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How to Sew a Flat Felled Seam | Sewing Machine

31 Comments


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Hi, I’m Jennifer from Workroom Social and today I’m going to show you how to sew a flat felled seam. A flat felled seam encases the raw edge of the seam allowance and this is a very common way to finish seams that you see on jeans and on sportswear.

To demonstrate that today, we’re going to need to identify the wrong side of the fabric. So I’m just going to mark my two wrong sides. I’m going to start by sewing wrong sides together. I’m going to sew a 5/8 of an inch seam allowance. So I’m lining up my fabric with the raw edge on the 5/8 guide on my seam guide, and I’m just sewing a straight stitch. I’m using a 2.5 millimeter stitch length. I’m just going to go all the way down to the bottom.

Now, so we have our wrong sides together and our right sides with the seam allowance up. So the next thing I want to do is to just finger press this seam open, so it lies a little bit flat, a little flatter. Then I want to trim one side of the seam allowance down short because we’re going to encase it with the other seam allowance. So I’m going to trim this down and leave about between 1/8 and 1/4 of an inch.

Now, to hide all these raw edges, I’m just going to take this larger seam allowance and fold it under, and then fold the whole thing over, so everything is hidden. Then you’ll just pin it in place, and then you can just move up your seam to do the whole thing. Of course, if you’re uncomfortable doing this by eye, you can get your seam guide out or ruler and measure this fold so that it’s all nice and even.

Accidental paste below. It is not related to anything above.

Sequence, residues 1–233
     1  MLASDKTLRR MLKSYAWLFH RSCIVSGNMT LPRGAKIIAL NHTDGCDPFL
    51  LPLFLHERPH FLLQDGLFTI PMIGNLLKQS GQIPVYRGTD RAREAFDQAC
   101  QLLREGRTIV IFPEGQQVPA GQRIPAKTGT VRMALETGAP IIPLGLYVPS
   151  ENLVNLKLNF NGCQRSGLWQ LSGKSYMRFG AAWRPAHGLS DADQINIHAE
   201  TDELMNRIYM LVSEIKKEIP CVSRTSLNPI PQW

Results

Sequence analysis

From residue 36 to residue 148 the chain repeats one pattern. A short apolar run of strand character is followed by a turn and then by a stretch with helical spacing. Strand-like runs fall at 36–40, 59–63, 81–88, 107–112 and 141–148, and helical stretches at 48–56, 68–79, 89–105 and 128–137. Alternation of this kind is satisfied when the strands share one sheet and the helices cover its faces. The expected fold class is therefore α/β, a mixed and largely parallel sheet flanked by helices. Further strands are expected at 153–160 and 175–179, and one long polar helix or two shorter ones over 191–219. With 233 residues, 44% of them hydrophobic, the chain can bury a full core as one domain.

So we have our seam in place, and then we’re just going to go to the sewing machine and stitch close to this fold all the way down to secure our seam. We’ll go back to the sewing machine and I’m going to lower the presser foot and I’m just going to eyeball close to this edge. Now when you’re doing this, you can always use the edge of the inside of the presser foot as your guide for an edge stitch. Or my presser foot has little notches on the right hand side that are also really useful reference guides.

Okay, and there we have our flat felled seam, and this is the right side. This is the wrong side. Of course, depending on your preference, you can always choose to use this seam look for your right side, if that’s what you would prefer, and put this one the wrong side. It’s really up to you. But that’s how you sew a flat felled seam.

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31 Comments

  • July 6, 2020 at 12:13 pm
    Jonny qwest

    I like this lady a lot. Her tutorials are straight up concise and cogent, and her presentation isn't "all about her". Thank you.

    Reply
  • July 6, 2020 at 12:13 pm
    Orkdoop

    Will this type stop fraying?

    Reply
  • July 6, 2020 at 12:13 pm
    Jael Hadas

    agh use an iron please lol

    Reply
  • July 6, 2020 at 12:13 pm
    Geoff Butcher

    Exactly what I needed – thanks!

    Reply
  • July 6, 2020 at 12:13 pm
    john elvis

    So nice

    Reply
  • July 6, 2020 at 12:13 pm
    Jerry C

    Very interesting! (I wonder how they do this for production jeans manufacturing because this is relatively labor-intensive.) Also, I really appreciate how your editors shorten up the clips so that we don't have to watch the machine stitching the entire length of the fabric!

    Reply
  • July 6, 2020 at 12:13 pm
    K B

    Seems like it could almost make a waistband.

    Reply
  • July 6, 2020 at 12:13 pm